Since the original Forza way back on the first Xbox, I’ve watched this series just get better and better. On the Xbox One, the Forza games have moved so far past Sony’s stuck in the mud Gran Turismo series that it’s not even a competition anymore. Microsoft created the first Forza Horizon as an open world alternative to their track-based, stricter Forza Motorsports, but what at first seemed like a gimmick has quickly turned into one of the best racing game series on the market.
As Forza Horizon 3 reinforces, there’s no sign of that changing anytime soon. Moving the venue to the huge outdoor spaces of Australia is the biggest change, but the game itself largely remains the same in structure as the previous iterations. There’s a giant driving festival, miles and miles of road to explore and around 350 cars to acquire. Plus, events. Events everywhere, as far as the eye can see. Crazy events like the opening race where you are literally trying to beat a jeep being flown around by a helicopter abound this time.
In fact, I couldn’t help but wonder if Forza Horizon 3’s developer, Playground Studios, somehow sucked up some of the genius minds behind the Burnout series. This is especially apparent in the ‘Danger Sign Jumps’, where certain spots are marked with, well, danger signs indicating the chance to hit some kind of ramp at high speeds to gain massive air (and points). There are a ton of other events that pop up over the extensive map, but my overt glee at wanton destruction and absurd car abuse made me love these jump zones.
Drift zones, showdowns and convoy races test different driving skills (ones that don’t involve flying in super cars) and there are showcase events that offer various takes on standard issue racing. The point of all these eclectic bits of driving isn’t just something as simple as being the best there ever was. Merely winning races is fine, but to really excel you need to entice fans to the festival and gain new members to your team.
Every absurd over-the-top feat you perform can earn you more fans. Fans, in turn, help to expand the Horizon Festival, which is a new twist. The bigger the festival gets, the more options in everything—from cars and events to customization options—you have. Horizon 3 has one of the most organic senses of progression I’ve ever seen in a racing game. You, as the player, constantly keep moving to explore and find the next cool thing to do. Much like discovering cars in old barns was an element in the original, this game is designed to provoke a sense of wonder and curiosity through exploration.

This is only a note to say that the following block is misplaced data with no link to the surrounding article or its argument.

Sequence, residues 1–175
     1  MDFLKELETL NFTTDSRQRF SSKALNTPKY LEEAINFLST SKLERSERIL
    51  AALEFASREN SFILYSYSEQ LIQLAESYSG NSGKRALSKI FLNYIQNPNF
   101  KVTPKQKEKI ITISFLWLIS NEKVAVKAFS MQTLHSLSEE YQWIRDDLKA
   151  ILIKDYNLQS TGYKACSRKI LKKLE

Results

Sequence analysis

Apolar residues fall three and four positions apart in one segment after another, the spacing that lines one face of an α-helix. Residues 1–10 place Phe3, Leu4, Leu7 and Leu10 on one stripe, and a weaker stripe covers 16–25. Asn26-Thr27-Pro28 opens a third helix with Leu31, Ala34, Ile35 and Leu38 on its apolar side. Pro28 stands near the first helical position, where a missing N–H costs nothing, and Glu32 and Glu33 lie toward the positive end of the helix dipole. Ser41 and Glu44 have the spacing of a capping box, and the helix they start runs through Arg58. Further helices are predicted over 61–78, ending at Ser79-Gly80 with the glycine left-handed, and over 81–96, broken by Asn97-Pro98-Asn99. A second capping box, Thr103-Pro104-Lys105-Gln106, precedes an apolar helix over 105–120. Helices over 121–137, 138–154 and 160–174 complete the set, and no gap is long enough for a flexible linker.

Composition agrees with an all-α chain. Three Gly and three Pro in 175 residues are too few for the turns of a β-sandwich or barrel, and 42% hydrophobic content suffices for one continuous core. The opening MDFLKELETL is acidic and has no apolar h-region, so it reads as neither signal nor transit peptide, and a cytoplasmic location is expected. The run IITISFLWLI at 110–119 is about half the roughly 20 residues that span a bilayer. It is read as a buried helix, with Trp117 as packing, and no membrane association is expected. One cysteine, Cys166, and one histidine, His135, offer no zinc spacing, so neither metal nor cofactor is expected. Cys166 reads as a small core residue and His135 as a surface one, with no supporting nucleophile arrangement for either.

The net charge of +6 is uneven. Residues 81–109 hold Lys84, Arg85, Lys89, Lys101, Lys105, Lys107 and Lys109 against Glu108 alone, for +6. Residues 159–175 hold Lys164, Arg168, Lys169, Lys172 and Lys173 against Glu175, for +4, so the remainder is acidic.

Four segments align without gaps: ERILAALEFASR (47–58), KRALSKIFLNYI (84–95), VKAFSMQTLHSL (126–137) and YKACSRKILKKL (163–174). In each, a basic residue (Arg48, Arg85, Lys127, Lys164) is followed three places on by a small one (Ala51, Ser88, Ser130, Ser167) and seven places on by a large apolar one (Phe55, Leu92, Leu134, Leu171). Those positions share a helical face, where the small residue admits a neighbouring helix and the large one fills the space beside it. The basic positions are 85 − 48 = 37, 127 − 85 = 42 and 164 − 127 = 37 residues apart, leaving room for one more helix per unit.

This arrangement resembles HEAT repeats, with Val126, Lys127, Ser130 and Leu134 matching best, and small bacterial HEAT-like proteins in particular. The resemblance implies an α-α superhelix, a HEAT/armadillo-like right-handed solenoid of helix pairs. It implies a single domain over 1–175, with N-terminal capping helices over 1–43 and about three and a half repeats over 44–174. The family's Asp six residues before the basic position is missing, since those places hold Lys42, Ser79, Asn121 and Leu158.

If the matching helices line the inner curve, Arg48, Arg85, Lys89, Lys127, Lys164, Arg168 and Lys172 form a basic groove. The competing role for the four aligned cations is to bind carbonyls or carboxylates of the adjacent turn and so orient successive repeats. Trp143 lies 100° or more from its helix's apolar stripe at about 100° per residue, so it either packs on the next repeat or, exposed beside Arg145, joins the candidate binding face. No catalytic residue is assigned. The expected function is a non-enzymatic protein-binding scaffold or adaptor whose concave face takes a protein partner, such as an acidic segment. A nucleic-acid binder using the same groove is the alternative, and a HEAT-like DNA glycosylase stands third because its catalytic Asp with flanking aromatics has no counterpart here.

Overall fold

Exploring this virtual Australia, even just aimlessly, is simply a ton of fun that constantly leads to new sights. As Americans, we generally have a barren perception of Australia—that it’s all “outback,” dry and sparse desert country. If Horizon 3 is any indication, the landscape is so much more. Forests, suburbs, gorgeous beaches, deserts and more await the eager driver across rain and sunshine. In fact, in my play time, it seemed to rain an awful lot.
The entire Forza series’ unique use of players as in-game drivers has always been distinctive element. Called ‘drivatars’, these computer-controlled cars named frequently after people from your own friends list (who also play Forza) creates an interesting air of social gaming even while playing alone. Basically, the idea is that these cars represent the driving style of other players (for better or worse), and competing and beating a player’s drivatar creates a sort of asynchronous sense of competition between other humans.
Beating other drivatars can actually get them to join your team as well, leading to the acquisition of more fans, money and rewards. Of course, if fake players aren’t your thing, Horizon 3 has pretty amazing online multiplayer opportunities. Up to twelve players can just bump around the world and race each other how they want in the online free roam mode. There’s also a new four-player cooperative mode that lets you form a small team to take on special events together.
Probably the most important aspect of Horizon 3 is the sheer customizability. Far beyond merely being able to customize nearly every level of your cars (which you can), the game lets you configure how you want to play it. Arcade lovers, casual drivers, even the more hardcore sim-types can adjust a variety of options to either make the driving easier or more realistic. Forza Horizon 3 is the Swiss Army knife of racing games: it’s everything nearly any player could want from a racing game, short of actual gun-based car combat.
There’s more to go on about in Horizon 3, more secrets and features to help firmly set it as the best racer of the year. Largely, though, it’s a game that revels in the sheer love of driving for the sake of driving. The mix of traditional races, outrageous stunts and extreme speed across one of the most stunning landscapes you’re likely to find just works.
Forza Horizon 3 was developed by Playground Games and published by Microsoft. It is available for the Xbox One and PC.
Jason D’Aprile has been covering games and entertainment for the last three decades across a variety of platforms, many of which are now extinct. In addition to covering gaming (both obscure and otherwise), he also writes a bit of the odd fiction and tries hard to avoid social media.